Learn to Meditate
Walk the coastline of Gower
Run a marathon
Walk the pilgrimage route to Santiago del Compostela
I did learn to surf and I was very keen for a while, but I was never terribly good at it. I also once went on a 10-day meditation course. There was no talking for 10 days. Strangely, that was the easy part. I was running 20-25 miles on a weekly basis when my life took a swift left turn and everything ground to a halt in 2012. I am still active but I don’t run very far at all these days. I know I won’t be able to run a marathon unless I gave up everything else and just trained, ate and slept. There would be no energy left over for painting and making a living, so that’s out of the window. I cant afford to travel, not at the moment so it’s going to have to be number 3.Walk the coastline of Gower.
I have a curiosity about exploring the whole coastline of Gower. I know and love certain parts of it very well, such as Three Cliffs Bay. As a painter of the Gower peninsula there are parts that I have visited and painted many times. However, there are also parts I have not visited for years, and a few places I have never visited. I did plan and start to walk the Gower coast in 2016, but it all came to a halt as I tried to cope with the repercussions of being made redundant from my teaching post where I had worked since 1999.
So start again. Here are my rules
Travel in a clockwise direction around the Gower coast
Travel by public transport and by foot.
Walk on sunny days.
Erm, that’s it.
I will document the walk with photos, sketches, and paintings. However, I am nervous about this. The big challenge for me will be in terms of my energy levels. The whole coastline is something like 38 miles long and I know I will have to divide that up into many short walks that will be very tiring for me. I will probably need a week to recover in between walks. I am nervous that I won’t have the determination to finish this, or something will happen to put me off, such as in 2016 when I got part way through in 2016 and gave up. I hate not finishing things.
It will also be challenging for me mentally. When I was younger, I did many brave things on my own. I traveled around the UK and spoke at Academic conferences, I even traveled to Texas very soon after I passed my driving test and drove a hire car. The PTSD has had the result of reducing my life and what I do, either because I get tired or because I am fearful. PTSD means that my brain goes into anxiety mode very easily. My head will worry about the coming back before I have even left the house. I will convince myself that none of the buses will arrive and I will be stranded in the wilds of the Gower and have to sleep under a bush. Yes, it all sounds stupid when I type it, but that’s the sort of thing that keeps me awake at 3am in the morning.
So I will have to prepare well, take a load of bus timetables and set off early and challenge the fear. A few weeks ago I panicked and jumped into the sea, thinking I was about to get washed off some rocks. Bizarrely, the evidence has given me confidence. The boots and I survived. It was uncomfortable but the boots dried out on my radiator. So I will make a start this week, even if it takes months to complete the challenge.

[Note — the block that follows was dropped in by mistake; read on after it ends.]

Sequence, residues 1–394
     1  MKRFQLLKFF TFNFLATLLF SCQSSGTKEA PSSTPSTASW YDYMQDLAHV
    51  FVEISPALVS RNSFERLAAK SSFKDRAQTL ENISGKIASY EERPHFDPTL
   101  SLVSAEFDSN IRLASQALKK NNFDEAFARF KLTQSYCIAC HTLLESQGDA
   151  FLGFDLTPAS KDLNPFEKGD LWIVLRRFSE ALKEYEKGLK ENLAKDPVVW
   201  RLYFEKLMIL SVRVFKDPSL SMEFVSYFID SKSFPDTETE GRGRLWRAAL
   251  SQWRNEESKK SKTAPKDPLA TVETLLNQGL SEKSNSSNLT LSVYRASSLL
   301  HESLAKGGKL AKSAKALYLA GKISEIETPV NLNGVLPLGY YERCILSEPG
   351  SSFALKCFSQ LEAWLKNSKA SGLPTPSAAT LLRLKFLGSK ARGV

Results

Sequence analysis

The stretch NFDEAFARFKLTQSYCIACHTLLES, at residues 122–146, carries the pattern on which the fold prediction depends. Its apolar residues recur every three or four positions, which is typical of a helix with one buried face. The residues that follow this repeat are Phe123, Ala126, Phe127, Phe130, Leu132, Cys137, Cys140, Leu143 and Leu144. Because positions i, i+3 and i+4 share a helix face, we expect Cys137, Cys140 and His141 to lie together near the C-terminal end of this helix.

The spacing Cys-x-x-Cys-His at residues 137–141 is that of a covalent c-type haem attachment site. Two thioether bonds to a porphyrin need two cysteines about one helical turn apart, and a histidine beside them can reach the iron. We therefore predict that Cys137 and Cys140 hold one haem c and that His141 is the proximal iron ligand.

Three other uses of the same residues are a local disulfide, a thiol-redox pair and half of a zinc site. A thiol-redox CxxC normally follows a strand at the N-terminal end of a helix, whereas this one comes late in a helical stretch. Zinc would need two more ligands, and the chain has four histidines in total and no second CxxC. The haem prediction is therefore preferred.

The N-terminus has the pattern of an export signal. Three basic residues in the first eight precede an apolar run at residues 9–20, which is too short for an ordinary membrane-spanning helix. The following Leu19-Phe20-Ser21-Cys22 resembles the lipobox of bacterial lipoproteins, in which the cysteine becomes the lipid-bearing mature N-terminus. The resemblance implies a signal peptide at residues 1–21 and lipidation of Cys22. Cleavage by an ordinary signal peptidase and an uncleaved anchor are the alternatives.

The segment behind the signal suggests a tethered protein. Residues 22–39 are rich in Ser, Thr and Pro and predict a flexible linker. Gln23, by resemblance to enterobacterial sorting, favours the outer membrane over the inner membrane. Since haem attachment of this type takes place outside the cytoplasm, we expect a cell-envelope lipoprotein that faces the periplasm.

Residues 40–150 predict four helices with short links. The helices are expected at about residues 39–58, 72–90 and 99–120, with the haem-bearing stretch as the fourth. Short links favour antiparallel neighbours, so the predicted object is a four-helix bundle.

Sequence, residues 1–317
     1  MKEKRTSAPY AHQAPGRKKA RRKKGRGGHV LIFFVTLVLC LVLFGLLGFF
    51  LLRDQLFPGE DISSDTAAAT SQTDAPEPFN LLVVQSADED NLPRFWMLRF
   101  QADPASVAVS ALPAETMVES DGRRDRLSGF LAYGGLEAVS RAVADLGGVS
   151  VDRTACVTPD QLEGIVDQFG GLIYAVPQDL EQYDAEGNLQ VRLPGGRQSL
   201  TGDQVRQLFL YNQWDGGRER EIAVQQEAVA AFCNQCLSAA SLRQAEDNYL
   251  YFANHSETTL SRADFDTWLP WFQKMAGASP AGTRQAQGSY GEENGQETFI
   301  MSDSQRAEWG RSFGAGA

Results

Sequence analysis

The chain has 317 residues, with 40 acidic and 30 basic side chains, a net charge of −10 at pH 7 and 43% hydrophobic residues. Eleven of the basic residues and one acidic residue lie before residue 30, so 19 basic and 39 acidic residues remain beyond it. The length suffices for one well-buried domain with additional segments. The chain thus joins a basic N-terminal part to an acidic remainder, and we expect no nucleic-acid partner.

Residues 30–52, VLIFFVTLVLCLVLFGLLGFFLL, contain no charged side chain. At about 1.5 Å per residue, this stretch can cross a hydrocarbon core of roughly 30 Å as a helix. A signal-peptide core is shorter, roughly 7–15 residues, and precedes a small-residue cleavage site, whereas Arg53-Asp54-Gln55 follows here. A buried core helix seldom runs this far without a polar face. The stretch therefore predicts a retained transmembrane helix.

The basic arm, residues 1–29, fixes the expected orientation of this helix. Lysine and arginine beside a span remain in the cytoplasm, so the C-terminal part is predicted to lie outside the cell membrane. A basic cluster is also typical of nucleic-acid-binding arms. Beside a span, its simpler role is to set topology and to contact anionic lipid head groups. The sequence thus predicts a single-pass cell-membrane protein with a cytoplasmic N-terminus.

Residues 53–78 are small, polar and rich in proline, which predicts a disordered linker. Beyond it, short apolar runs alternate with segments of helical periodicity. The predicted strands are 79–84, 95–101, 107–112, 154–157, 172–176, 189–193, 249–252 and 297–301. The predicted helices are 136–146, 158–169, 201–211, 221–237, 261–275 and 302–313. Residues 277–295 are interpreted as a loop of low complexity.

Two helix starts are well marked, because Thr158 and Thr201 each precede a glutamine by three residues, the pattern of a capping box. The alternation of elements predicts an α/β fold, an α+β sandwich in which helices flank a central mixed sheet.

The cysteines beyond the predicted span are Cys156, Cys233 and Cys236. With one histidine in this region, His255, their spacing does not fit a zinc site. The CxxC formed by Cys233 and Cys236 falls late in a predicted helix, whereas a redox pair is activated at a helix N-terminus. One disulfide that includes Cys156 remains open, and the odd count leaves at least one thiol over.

You have may well have seen images of County Sligo, Ireland, without necessarily knowing that’s where it is. It’s home to one of the most poplar views on Social Media. Here’s an example: And many more… It’s quite disconcerting to come across a view that you are very familar with but have never visited […]
I was delighted to see my two Donegal paintings “Up Bloody Foreland, Donegal” and “The through Road, Donegal” on the walls of the London Irish Centre (Camden, London). These two oil paintings form part of a “real room” of an Irish family in 1950s Britain installation. The exhibition, which is on during August through to […]
Donegal is a big mountaneous county in a big country. Imagine my shock when I discover that it’s only the 4th largest in Ireland (after Cork, Galway and Mayo) at 4,860 km2 (1,880 sq miles). It seems even bigger as there is no railway or motorways here, so it takes a long time to travel around all the mountains. One of joys of the county is that it’s relatively empty (the 5th least populated in Ireland) with 32.6 people per km2.
New Work & Recent Sales
Arch at Whiterocks Beach, Portrush
The Peace Bridge (Derry) by Emma Cownie
St Eugenes, Derry City
Polite Houses of Maghery- Emma Cownie
Abanoned (Glentornan, Donegal) -Emma Cownie
Low Tide, Summer Morning on Three Cliffs – Emma Cownie
Boat on Inch Island Donegal
Across Whiterock Beach, Portrush
Dunluce Castle from Whiterocks Beach
Towards Bloody Foreland (Donegal) _ Emma Cownie
Houses at Port na Crin, Gola
Errigal reflection (Donegal) _Emma Cownie
Washing Line, Arranmore _Emma Cownie
An Port, Donegal_Emma Cownie
House on Ishcoo, Donegal-Emma Cownie
Over Glenlough Bay, Donegal-Emma Cownie
Still, On Gola (Donegal)
Inishcoo (To The Fore of Arranmore) – Emma Cownie
Kinnagoe Bay (Inishowen, Dongal)
A Road through Chalford (Cotswolds)
Painswick Yews (Cotswolds)_Emma Cownie
On Rutland Island, Donegal -Emma Cownie
Sun on the Reeds (Glentornan, Donegal)-Emma Cownie
View from the Pier (Portnoo)-Emma Cownie
From Port to Glenlough (Donegal)
Errigal from Cruit Island. Donegal _ Emma Cownie
Spring on THree Cliffs Bay, Gower_Emma Cownie
Fishing Boat at Port Donegal-Emma Cownie
Portnoo Pier, Donegal_Emma Cownie
Down to Rossbeg Pier, Donegal
Over to Fanad Lighhouse (Donegal) _Emma Cownie
Errigal painting – A Commission 2022
From Arranmore (Donegal)- Emma Cownie
Ferry Home (Arranmore, Donegal) by Emma Cownie
Summer Morning on Pobbles Bay
On the Way to Kinnagoe Bay (Drumaweer, Greencastle)
Down to Doagh Strand (Donegal)-Emma Cownie
Lambing Season at Fanad Head
Fanad Lighthouse (Donegal)
Down to the Rusty Nail
Carrickabraghy Castle, Inishowen
Upper Dreen_Emma Cownie
Portmór Beach, Malin Head, Donegal
Down to the Rusty Nail, Inishowen
The Walls of Derry
Painting of Derry City
Derry Walls by Emma Cownie
Shipquay Gate by Emma Cownie
Over to Owey Island (Keadue) Donegal
Lighting the way to Arranmore
Old Stone Cottage in front of Errigal (Donegal
Boat at the Pier, Gola
House on Inishbofin, with distant Seven Sisters (in studio)